At some point, I decided that this humble blog's ongoing bridge project also applied to pedestrian bridges, and later concluded that floating bridges are also in scope, so here we are looking at the Eastbank Esplanade's floating pedestrian bridge. I apologize for only having one photo of it; I'm still not sure how this happened, but I've meant to go back and take more for months now, and I haven't gotten around to it, so I think we'll just go with the one photo, and you can google it if you want to see more.)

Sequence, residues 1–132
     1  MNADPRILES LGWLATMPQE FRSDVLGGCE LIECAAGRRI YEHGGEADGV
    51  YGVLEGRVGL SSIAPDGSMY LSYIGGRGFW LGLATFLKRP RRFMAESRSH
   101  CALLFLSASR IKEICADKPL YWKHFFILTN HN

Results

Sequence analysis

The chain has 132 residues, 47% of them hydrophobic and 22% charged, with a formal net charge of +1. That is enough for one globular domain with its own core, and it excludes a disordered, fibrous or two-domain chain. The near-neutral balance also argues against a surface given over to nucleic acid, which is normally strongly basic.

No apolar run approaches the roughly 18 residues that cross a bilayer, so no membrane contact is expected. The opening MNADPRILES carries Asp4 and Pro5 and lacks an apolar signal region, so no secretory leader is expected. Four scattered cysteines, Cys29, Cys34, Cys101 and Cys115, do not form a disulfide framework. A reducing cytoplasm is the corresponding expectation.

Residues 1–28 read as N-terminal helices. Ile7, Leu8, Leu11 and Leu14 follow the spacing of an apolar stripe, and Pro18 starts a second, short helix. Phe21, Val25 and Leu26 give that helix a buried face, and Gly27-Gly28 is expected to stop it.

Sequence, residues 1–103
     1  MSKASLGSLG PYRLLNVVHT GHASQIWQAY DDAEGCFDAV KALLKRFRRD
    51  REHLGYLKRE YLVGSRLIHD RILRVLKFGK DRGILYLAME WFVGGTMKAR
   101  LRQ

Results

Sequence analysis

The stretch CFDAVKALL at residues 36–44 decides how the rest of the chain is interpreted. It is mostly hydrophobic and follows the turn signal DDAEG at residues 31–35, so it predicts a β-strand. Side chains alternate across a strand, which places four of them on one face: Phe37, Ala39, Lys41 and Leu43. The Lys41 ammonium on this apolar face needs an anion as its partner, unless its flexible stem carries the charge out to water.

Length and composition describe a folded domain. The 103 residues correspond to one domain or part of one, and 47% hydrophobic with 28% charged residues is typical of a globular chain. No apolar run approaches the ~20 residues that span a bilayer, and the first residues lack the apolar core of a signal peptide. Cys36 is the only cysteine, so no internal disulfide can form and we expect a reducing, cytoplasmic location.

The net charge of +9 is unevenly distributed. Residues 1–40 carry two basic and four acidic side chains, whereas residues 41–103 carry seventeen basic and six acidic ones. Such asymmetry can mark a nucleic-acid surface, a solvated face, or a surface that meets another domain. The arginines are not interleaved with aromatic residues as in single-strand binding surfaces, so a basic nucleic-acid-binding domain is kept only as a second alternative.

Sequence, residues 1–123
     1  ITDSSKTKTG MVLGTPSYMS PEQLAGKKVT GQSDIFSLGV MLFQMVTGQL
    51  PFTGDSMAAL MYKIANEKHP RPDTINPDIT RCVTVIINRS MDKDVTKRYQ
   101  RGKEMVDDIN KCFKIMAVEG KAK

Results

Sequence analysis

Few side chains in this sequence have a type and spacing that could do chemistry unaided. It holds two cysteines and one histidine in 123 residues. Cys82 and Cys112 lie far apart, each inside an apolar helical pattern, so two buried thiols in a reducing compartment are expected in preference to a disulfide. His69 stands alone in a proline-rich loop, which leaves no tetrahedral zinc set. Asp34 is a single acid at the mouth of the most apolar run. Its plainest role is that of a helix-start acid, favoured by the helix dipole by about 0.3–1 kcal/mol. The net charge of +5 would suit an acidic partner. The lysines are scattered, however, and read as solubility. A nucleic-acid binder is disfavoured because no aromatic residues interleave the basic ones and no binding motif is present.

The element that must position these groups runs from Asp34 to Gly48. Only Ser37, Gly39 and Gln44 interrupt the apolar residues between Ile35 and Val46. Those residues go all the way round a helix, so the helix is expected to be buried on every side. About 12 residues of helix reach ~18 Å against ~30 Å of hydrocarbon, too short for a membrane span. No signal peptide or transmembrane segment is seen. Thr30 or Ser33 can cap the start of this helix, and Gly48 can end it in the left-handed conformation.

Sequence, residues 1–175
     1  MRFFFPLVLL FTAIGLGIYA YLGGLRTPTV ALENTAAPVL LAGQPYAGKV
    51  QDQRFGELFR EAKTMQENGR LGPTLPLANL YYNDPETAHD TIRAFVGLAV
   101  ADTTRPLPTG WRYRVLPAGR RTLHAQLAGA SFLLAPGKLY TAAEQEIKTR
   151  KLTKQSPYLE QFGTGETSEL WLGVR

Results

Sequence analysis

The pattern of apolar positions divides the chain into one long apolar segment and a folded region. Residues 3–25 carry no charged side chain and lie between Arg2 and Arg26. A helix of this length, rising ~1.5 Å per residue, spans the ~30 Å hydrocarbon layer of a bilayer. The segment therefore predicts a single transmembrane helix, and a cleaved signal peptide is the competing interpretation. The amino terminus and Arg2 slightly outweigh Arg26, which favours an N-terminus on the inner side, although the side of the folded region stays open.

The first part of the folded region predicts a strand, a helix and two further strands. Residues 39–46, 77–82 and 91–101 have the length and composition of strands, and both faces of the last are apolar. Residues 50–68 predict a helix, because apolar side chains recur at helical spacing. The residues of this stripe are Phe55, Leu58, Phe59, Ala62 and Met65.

When the city created the current Esplanade in 2000-2001, they wanted to build something with connections at both ends; the previous trail began at the Hawthorne Bridge and dead-ended at the Burnside Bridge (without actually connecting to the bridge) which made it rather useless. I-5 runs right along the east riverbank and even hangs over the river for a bit north of the Burnside Bridge, so there was nowhere on shore to put a new trail. So the solution they came up with was a 1200' floating bridge running parallel to the riverbank, just offshore. The city parks page about the Esplanade claims this is still the longest floating bridge in the country. That may change in the future, if a similar proposal in Chicago gets greenlighted. The proposed RiverRide system would add floating bike paths along parts of the Chicago River, since buildings are built right up to the river's edge in many places, leaving nowhere to put an onshore pedestrian or bike path. We'll probably just let Chicago win that one, rather than starting a new arms race of ever-longer floating bridges. I'm not sure where you'd put a longer floating bridge, for one thing. I suppose you could add length to the existing bridge by adding some gratuitous zigzags, though I doubt anyone other than the Guinness world record folks would be impressed by that.